A RETURN TICKET TO BIG-TIME POLITICS?

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Yabloko and the Union of Right Forces: don’t get too excited

The leaders of Yabloko and the Union of Right Forces were included in President Putin’s meeting with party leaders this week, but this shouldn’t be taken to mean that these parties are making a political comeback. They are associated with the 1990s, and their voter support is still very low.


It’s been a long time since invitations to meet with President Vladimir Putin have been extended to the leaders of the “old” pro-democracy parties – the parties that aren’t represented in the current Duma. The fact that these leaders were invited to the December 6 meeting has led some excited commentators to declare that “real politics is making a comeback” to public life in Russia, thoroughly frozen in recent years. There are indeed some grounds for such statements, but they’re due entirely to calendar-focused considerations. There’s one year to go before the next Duma election, and from now on its future participants will intrude into our lives more insistently with every passing day, by any and all available means: from our television screens to the Communists’ favorite technique of door-to-door canvassing. And since the head of state “answers for everything” in our political system, according to time-honored tradition, it’s entirely logical that right now, at the starting line, he has decided to give the parties one general instruction for the forthcoming campaign: “Don’t rock the boat.”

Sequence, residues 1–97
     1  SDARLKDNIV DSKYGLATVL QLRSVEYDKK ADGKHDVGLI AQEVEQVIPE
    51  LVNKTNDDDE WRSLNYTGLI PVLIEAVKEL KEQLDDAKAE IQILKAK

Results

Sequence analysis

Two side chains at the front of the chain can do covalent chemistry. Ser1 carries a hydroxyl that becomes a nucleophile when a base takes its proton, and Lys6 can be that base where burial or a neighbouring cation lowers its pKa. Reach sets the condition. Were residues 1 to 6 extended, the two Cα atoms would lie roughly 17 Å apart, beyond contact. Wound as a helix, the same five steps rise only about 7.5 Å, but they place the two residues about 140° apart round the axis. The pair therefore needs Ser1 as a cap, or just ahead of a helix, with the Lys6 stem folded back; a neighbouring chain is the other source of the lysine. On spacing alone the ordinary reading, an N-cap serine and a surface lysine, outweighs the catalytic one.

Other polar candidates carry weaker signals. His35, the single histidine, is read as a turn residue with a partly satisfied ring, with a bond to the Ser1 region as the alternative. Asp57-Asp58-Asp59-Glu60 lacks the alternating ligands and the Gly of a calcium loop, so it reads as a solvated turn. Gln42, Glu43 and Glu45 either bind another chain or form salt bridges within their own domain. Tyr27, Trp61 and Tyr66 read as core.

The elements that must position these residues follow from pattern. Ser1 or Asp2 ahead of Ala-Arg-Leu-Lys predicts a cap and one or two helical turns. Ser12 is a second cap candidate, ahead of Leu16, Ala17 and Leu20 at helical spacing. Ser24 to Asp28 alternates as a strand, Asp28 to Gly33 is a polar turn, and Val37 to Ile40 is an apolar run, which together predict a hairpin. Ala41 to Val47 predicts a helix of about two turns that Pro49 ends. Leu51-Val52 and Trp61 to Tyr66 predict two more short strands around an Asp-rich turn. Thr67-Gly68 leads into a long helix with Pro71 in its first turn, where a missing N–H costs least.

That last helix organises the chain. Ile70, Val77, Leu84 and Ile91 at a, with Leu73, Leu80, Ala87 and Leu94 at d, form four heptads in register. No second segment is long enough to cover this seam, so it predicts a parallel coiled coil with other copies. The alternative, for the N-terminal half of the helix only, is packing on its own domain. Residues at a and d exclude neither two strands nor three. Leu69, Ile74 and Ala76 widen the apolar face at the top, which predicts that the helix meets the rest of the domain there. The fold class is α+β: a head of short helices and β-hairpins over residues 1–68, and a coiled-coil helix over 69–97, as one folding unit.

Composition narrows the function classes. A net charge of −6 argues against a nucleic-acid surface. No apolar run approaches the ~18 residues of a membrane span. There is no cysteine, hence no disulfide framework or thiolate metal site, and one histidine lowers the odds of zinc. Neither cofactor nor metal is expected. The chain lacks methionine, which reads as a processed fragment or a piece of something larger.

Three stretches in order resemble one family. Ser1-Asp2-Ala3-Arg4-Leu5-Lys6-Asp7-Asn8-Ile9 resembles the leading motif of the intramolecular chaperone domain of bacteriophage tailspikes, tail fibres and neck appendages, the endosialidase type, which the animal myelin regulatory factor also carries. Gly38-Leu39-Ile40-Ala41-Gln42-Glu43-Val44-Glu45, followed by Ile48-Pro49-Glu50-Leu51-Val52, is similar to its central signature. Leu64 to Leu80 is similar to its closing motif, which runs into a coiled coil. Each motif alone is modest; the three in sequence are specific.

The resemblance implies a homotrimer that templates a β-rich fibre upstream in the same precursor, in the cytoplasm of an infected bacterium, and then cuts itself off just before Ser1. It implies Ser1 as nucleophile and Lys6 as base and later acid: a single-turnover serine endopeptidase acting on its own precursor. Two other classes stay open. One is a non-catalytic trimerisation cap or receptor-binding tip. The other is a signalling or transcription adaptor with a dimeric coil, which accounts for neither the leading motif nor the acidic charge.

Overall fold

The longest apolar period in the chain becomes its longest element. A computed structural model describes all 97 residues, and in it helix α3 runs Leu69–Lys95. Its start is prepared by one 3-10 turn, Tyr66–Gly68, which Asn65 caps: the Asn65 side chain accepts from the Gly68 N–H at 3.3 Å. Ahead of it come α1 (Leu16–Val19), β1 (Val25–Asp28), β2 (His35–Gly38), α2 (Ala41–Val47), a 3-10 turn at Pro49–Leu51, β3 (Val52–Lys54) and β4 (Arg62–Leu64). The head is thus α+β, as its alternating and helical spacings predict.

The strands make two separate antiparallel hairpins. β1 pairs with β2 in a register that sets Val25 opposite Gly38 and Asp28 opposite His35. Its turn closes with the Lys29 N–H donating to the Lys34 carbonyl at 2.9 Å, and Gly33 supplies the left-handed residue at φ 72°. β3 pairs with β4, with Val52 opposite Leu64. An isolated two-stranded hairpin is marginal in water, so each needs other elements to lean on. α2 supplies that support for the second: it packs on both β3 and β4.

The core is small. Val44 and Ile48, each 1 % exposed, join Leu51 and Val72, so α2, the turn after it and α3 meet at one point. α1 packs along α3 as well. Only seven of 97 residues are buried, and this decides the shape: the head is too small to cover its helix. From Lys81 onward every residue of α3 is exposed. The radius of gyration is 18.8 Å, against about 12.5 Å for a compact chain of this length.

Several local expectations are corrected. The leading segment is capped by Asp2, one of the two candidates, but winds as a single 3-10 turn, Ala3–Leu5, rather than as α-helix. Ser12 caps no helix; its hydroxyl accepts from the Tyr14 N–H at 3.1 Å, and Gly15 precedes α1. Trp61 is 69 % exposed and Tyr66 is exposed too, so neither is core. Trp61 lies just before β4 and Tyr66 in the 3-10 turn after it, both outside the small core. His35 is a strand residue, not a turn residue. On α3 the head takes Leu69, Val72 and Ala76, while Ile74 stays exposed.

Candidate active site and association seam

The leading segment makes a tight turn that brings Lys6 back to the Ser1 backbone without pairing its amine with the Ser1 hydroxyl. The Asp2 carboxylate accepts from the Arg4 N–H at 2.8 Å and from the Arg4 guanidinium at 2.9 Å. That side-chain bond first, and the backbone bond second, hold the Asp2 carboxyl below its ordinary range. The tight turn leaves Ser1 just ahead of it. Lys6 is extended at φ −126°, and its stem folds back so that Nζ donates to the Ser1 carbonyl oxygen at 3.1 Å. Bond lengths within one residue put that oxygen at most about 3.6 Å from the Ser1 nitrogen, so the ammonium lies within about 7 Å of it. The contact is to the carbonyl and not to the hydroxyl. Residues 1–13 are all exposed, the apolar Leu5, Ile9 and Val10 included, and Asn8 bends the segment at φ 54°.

No more than that. It would be premature to conclude that the Kremlin has seriously decided to help Yabloko and the Union of Right Forces make a comeback to public politics after being left by the wayside in 2003. The election machines of United Russia and Just Russia (soon to be joined by Free Russia) were not created in order to share power in the future parliament with yesterday’s heroes.

What’s more, although the Kremlin can give the Union of Right Forces and Yabloko more opportunities to speak out on television, it can’t restore voter confidence in them. No matter how you look at it, most Russian citizens have well and truly had enough of the 1990s, the time when these parties were among the main players on the political stage. And until “the sins of the reformers” become a less painful topic for the public than they are now, it’s pointless to talk of the “old democrats” returning to big-time politics.

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